DTC/DTP: What About The Doctor?A Prevention magazine survey, conducted by Princeton Survey Research Associates last year, concluded that direct-to-consumer prescription drug advertisements "positively affect patient compliance with prescribed drug therapies." The survey showed that physicians usually are willing to provide patients with the requested prescription, with 80 percent of survey responders saying their doctors honored their request.
What the survey does not delve into is the attitude of most physicians to the patients' initiative regarding the pre-selection of their medications. We also are not clear on how physicians will react in the long run to the proliferation of DTC/DTP initiatives, which are predicted to expand in 1999 and beyond.
At the 1998 American Medical Association annual meeting in Chicago, AMA delegates approved a resolution urging the Federal Drug Administration to conduct a survey of practicing physicians to assess the effects of direct advertising of prescription drugs on physicians' practices and patient care. The DTC ad resolution also calls on the FDA to perform an economic analysis "to explore the potential for increased cost to the healthcare system that could result from a demand-based rather than need-based pharmaceutical market." The delegates' decision to proceed with the original resolution indicates the degree of concern among physicians regarding the effects of DTC advertising.
Sidney Taurel, past chairman of PhRMA, believes one way to deal with this issue is for drug makers to formally and publicly state corporate standards for DTC advertising. Mr. Taurel's company, Eli Lilly, finalized corporate DTC standards in 1998, which was developed in consultation with physician and patient groups. "We have pledged to educate physicians and other healthcare professionals about Lilly medications before advertising them to the public," said Taurel. "In addition, we will inform key constituencies prior to a launch of a campaign."
A significant number of industry advertising experts believe that consumer campaigns must work in tandem with professional programs in order to achieve optimum results. "We've learned that we could drive a lot of people to physicians with good advertising, but if the physician does not want to write the prescription, or is more inclined to write someone else's product, we're wasting the client's money," said James Sandino, president of Lowe Direct.
Below are several techniques that can be effectively implemented to ensure that health professionals and sales representatives participate in the development of DTC/DTP programs and become advocates of these communications vehicles.
* Use physicians in the program development phase to ensure that there is fair balance in all advertising and that the featured drug is positioned as part of the answer, and not as a miracle cure.
* Use physician, MCO and pharmacy focus groups to fine-tune the message strategy and creative execution. Relevant graphics and understandable copy are critical elements.
* Mail photo boards of television spots and copies of print ads (be sure to include "major statements") to target physicians and key MCOs prior to the start of the campaign. Inclusion of one-to-one back-end materials also would help.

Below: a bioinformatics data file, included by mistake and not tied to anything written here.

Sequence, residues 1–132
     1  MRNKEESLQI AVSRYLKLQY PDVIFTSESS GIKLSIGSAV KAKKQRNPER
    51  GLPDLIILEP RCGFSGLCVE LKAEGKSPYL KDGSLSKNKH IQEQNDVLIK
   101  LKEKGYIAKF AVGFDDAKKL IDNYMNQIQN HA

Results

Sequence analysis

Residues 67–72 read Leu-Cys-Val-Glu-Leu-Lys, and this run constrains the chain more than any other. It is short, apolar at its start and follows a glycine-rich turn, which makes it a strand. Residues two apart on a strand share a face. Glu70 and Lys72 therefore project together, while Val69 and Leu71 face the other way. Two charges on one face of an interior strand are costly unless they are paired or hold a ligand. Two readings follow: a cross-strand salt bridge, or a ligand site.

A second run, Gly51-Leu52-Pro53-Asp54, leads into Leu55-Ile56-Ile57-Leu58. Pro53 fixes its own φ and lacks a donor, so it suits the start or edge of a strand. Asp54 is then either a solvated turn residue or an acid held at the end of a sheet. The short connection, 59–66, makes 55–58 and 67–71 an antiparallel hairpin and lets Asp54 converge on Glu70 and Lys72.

* Survey physicians on an ongoing basis to gauge their reactions and those of their patients. Obtain relevant information, which can be used to continuously improve the campaign and to ensure that it offers perceived value in the minds of both patients and physicians. Maintain a database of responses for use in development of future programs.
* Work with key medical societies to ensure they're given the opportunity to provide pre- and post-campaign input.
* Preview rough cuts of TV spots with product advisory boards and with physicians attending key medical meetings. The exhibit could be a great venue and can act as a traffic builder at the booth.
* Involve sales representatives (pre and post campaign) and ensure that they're clear on the strategy and campaign rationale and how it will help them individually. Help them see it as a tool and not as a threat.
* Design special sales reps materials, which would include key elements of the campaign. Reps can use these materials to initiate dialogue with doctors (private practice and MCO's) and pharmacists or to address key objections that might come up during sales calls.
* Test "adequate provision" follow-up materials with doctors and patients to ensure that they're well balanced, understandable and relevant.
* Test "major statements" with consumers and doctors. This will help to ensure that physicians are prepared to deal with the information and will help companies craft statements that will be perceived as nonthreatening.
DTC/DTP advertising is a precarious tactic, which carries the potential risk of estranging the industry's strongest ally, the prescribing physician, and if controversial, the ads can provide unwanted ammunition to its harshest critics. All of these initiatives should be crafted with the goal of enhancing rather than jeopardizing the physician/patient relationship. Without the Rx there is no sale and no opportunity to improve the quality of life of patients who might be ideal candidates for specific therapies.
Julian M. Parreño is senior vice president of pharmaceuticals at Harte-Hanks Direct Marketing, Shawnee, KS.